• Transparent Finishes: Some homeowners and builders choose a wood with the idea of showcasing its natural finish. When this is the desire, transparent or mostly transparent stains are used. Since these don’t have any pigment, they allow UV rays to penetrate into the decking board. If sun damage is a concern, this isn’t a particularly good option. However, when clients are adamant about this, I make a compromise by finding an oil-based stain with a small degree of pigment in it. Still, I don’t recommend this path for high altitudes, as the sun will deteriorate the wood more quickly than it should and the wood will require more frequent recoating.
Protecting Composite Decking from UV Rays

While protecting a wooden deck involves selecting the best possible protective coatings for the job, protecting a composite deck is a matter of picking the best possible version of composite decking, as this kind of decking material doesn’t require paints, stains, or finishes. So what should you look for in composites for your high-altitude deck? There are a few features you’ll want:

  • Fully Capped Boards: One of the great advancements of composite decking was the addition of a protective capping material which keeps the core board safe from the ravages of sun and moisture, preventing chipping, swelling, and warping. Initially, most decks only had the capping on the top deck surface. However, this did not prove to be enough to protect a deck from the elements. And while the surface is the most important part of the deck to protect in a high altitude situation, you’ll likely be getting lots of fog and snow as well, which can cause issues with moisture even on the underside of the board. For this reason, fully capped is the only way to go–it’ll make your decking water resistant as well as UV resistant, from any angle.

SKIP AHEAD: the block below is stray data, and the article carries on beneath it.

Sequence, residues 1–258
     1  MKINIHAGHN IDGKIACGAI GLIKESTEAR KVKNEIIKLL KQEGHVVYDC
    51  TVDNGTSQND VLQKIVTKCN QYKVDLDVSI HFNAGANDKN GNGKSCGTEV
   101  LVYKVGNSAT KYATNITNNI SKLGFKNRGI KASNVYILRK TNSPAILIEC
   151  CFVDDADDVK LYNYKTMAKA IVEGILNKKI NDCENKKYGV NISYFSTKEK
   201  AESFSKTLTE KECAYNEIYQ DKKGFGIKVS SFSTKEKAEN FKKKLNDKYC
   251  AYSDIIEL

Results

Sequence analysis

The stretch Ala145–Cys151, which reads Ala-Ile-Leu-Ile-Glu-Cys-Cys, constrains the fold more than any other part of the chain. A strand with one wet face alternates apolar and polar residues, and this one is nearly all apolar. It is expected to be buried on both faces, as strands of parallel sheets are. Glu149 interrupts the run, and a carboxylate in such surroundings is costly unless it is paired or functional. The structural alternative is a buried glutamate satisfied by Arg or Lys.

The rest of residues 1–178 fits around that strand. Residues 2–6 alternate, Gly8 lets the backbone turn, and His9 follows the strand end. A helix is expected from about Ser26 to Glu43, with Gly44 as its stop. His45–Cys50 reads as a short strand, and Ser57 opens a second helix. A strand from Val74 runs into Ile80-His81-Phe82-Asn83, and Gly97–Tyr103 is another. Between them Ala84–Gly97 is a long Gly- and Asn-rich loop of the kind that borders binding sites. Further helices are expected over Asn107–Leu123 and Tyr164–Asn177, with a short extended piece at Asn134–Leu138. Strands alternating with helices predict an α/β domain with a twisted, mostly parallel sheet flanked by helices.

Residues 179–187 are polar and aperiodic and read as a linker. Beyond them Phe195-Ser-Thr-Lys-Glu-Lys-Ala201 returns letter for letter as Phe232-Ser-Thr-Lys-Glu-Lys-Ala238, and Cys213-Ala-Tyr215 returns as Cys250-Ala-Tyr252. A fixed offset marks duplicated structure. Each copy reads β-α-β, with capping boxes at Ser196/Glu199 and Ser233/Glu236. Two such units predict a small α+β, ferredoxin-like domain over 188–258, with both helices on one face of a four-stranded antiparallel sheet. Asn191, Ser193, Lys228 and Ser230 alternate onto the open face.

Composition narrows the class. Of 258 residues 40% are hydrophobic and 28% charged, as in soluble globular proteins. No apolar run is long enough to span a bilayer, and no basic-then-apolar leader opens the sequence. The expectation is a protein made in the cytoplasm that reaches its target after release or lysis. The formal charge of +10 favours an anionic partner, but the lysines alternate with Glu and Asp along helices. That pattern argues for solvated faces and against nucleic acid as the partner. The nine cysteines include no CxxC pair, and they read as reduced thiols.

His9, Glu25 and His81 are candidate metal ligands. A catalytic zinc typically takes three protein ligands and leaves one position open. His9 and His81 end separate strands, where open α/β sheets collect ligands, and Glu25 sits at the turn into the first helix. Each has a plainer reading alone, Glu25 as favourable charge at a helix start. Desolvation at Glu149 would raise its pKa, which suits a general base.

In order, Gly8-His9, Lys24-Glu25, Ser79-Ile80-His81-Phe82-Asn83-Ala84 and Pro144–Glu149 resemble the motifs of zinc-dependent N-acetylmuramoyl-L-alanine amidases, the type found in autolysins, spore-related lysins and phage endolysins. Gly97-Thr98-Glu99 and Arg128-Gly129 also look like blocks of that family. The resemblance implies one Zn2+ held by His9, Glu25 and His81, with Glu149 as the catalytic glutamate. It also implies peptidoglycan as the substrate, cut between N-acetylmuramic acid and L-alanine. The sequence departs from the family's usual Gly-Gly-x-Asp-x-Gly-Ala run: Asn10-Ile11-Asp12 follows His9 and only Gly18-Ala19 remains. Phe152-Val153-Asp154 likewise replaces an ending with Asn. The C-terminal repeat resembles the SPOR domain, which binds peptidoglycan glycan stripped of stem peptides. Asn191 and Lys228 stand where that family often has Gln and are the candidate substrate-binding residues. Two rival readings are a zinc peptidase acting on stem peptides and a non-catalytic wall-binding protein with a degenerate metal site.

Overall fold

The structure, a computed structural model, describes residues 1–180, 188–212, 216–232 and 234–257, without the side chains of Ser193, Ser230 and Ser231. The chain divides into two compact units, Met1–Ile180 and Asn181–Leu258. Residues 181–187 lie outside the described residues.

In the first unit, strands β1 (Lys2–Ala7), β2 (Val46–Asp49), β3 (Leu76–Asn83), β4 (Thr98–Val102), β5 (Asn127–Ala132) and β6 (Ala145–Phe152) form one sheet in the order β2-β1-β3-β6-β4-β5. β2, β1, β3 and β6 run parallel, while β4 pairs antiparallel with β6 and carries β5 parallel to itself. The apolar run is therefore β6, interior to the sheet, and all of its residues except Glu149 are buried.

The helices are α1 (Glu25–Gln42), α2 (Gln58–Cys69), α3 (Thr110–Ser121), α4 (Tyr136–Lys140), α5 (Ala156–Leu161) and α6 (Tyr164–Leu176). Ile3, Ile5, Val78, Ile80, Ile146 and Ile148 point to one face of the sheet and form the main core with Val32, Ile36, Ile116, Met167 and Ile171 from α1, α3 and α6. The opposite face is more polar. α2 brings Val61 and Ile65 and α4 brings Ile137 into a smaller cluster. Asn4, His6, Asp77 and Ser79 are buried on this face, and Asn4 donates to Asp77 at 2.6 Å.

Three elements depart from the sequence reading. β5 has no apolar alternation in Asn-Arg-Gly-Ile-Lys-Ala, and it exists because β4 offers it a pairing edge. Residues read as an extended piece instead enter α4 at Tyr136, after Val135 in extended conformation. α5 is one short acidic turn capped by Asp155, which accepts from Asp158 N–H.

• UV Inhibitors: Pigments similar to those found in some of the best stains and paints are simply “baked into the cake” of a good capping material. With the best products, this is done in a way that has significantly reduced color fade on many of the decks I’ve put in during the past few years.
  • A Warranty: Composites don’t tend to be dirt cheap, so when you’re making an investment in a good quality decking system, it makes sense to choose one with a good warranty. This is especially important when you live in a location that can be hard on building materials, such as thousands of feet above sea level. Some decking manufacturers have 25-year limited warranties that can give you peace of mind about your investment.

I never used to build composite decks, and until recently I certainly wouldn’t have considered them for a high altitude location. But advances in the design of high-quality composite means that it’s now an excellent substitute for wood that takes much less work to keep beautiful than wood does. A decking board with a resin cap, manufactured with plenty of UV inhibitors, can last for years while looking just as good as it did when it was first installed. While I still use both wood and fully capped composite decking to build decks at high elevation, when clients are interested in eliminating the work and expense of long-term maintenance (as is often the case with vacation or second homes), I steer them in the direction of the latter. If they choose composite, one of my first recommendations is Fortress Deck, as their boards use one of the most advanced capping materials on the market, designed to resist even the sun at high altitudes. Fortress decking doesn’t mold, mildew, or absorb moisture, either. After we get the deck installed, and other projects arise, I sometimes recommend taking a look at Fortress’ other products, like railings and fences. All of these building products are high quality and extremely durable, making them great choices for high altitudes.